As U.S. Postal Service lore goes, neither snow nor rain nor heat nor gloom of night stays its couriers from the swift completion of their appointed rounds. For the price of a 45-cent stamp, the post office will speed an envelope from coast to coast in a day or two. But some veteran postal workers have found a way to bring the post office to a grinding halt: File for retirement.
According to the federal Office of Personnel Management, the typical waiting time from a postal worker’s retirement to receiving their first annuity check is several months, and longer in some cases.
OPM is responsible for the personnel matters of nearly three million federal workers, including more than half a million postal employees. Included in its mission is the task of “providing retirement compensation and tools and options for retirement planning.” Based on oversight reports from the General Accounting Office, however, sluggish handling of the retirement process has become a hallmark of the OPM.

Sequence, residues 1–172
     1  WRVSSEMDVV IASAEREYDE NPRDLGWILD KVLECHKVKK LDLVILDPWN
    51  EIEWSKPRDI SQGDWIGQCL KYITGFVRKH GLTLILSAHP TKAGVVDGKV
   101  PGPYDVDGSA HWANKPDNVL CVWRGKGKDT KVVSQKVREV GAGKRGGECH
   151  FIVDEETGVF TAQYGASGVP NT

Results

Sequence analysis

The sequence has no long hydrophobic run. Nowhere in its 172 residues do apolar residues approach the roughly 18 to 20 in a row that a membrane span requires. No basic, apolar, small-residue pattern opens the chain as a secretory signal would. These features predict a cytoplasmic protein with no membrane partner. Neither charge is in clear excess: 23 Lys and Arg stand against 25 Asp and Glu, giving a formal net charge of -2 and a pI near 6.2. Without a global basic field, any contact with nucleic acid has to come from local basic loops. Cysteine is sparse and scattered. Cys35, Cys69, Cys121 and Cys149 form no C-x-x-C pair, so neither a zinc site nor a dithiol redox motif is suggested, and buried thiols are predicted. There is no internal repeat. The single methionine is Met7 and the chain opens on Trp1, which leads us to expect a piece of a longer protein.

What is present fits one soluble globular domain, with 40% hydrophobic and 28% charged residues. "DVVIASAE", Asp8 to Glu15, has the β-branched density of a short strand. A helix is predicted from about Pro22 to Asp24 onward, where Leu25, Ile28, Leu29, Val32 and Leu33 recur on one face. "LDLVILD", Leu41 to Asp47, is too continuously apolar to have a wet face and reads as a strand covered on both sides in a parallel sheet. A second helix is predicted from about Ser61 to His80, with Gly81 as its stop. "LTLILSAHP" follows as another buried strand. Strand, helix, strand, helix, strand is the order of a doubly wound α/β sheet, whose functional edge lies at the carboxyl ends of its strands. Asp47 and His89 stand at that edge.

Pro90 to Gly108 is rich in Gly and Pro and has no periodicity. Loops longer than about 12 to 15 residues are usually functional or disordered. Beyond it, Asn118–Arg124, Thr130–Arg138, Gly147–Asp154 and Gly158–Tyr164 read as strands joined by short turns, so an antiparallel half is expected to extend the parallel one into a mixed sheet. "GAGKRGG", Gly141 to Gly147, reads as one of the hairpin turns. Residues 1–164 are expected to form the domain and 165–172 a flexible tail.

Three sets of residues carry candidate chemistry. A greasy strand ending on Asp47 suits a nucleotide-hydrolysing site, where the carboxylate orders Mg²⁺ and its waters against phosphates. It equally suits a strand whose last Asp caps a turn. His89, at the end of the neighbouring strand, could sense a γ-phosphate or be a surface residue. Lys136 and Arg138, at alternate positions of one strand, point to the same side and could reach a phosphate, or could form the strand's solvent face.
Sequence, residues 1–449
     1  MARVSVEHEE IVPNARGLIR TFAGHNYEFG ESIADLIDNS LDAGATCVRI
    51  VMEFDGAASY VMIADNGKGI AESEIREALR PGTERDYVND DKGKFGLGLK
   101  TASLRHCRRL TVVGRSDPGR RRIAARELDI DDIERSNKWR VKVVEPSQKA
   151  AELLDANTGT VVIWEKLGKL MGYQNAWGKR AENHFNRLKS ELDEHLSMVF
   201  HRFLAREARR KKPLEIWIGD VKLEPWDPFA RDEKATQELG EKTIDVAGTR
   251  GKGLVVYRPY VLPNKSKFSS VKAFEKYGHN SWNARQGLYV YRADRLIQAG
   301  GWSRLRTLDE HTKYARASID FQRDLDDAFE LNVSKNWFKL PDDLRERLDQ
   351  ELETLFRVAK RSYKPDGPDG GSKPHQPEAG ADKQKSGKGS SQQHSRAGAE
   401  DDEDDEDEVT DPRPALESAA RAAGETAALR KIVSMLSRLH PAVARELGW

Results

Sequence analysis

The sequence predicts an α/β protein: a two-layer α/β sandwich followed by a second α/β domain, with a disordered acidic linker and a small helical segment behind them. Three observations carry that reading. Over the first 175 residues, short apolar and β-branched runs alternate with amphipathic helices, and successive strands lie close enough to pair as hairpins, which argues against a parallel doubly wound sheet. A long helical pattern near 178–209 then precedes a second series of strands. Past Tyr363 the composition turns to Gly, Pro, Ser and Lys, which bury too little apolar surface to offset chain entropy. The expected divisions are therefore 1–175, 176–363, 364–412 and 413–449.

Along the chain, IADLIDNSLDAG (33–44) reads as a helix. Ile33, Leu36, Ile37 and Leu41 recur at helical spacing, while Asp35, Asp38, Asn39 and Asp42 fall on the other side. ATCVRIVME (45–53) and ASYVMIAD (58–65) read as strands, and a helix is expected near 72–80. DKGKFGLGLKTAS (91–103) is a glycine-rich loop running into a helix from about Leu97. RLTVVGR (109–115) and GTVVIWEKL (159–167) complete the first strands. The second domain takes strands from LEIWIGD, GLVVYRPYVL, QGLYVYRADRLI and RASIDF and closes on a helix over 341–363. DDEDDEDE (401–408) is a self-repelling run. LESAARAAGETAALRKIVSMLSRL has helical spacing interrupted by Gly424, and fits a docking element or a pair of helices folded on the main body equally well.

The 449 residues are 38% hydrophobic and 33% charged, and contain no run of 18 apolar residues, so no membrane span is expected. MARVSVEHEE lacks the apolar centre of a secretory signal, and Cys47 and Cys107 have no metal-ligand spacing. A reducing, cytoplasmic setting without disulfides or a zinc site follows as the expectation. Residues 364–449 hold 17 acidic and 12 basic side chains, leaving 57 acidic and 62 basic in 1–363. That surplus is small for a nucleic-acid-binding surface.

Interim annuity checks begin to go out soon after a postal employee’s retirement, but usually total only between 50 and 80 percent of their eventual annuity payment. That can create a financial crunch for workers as they enter their retirement years. And if history is any indication, reliable relief may be a while in coming.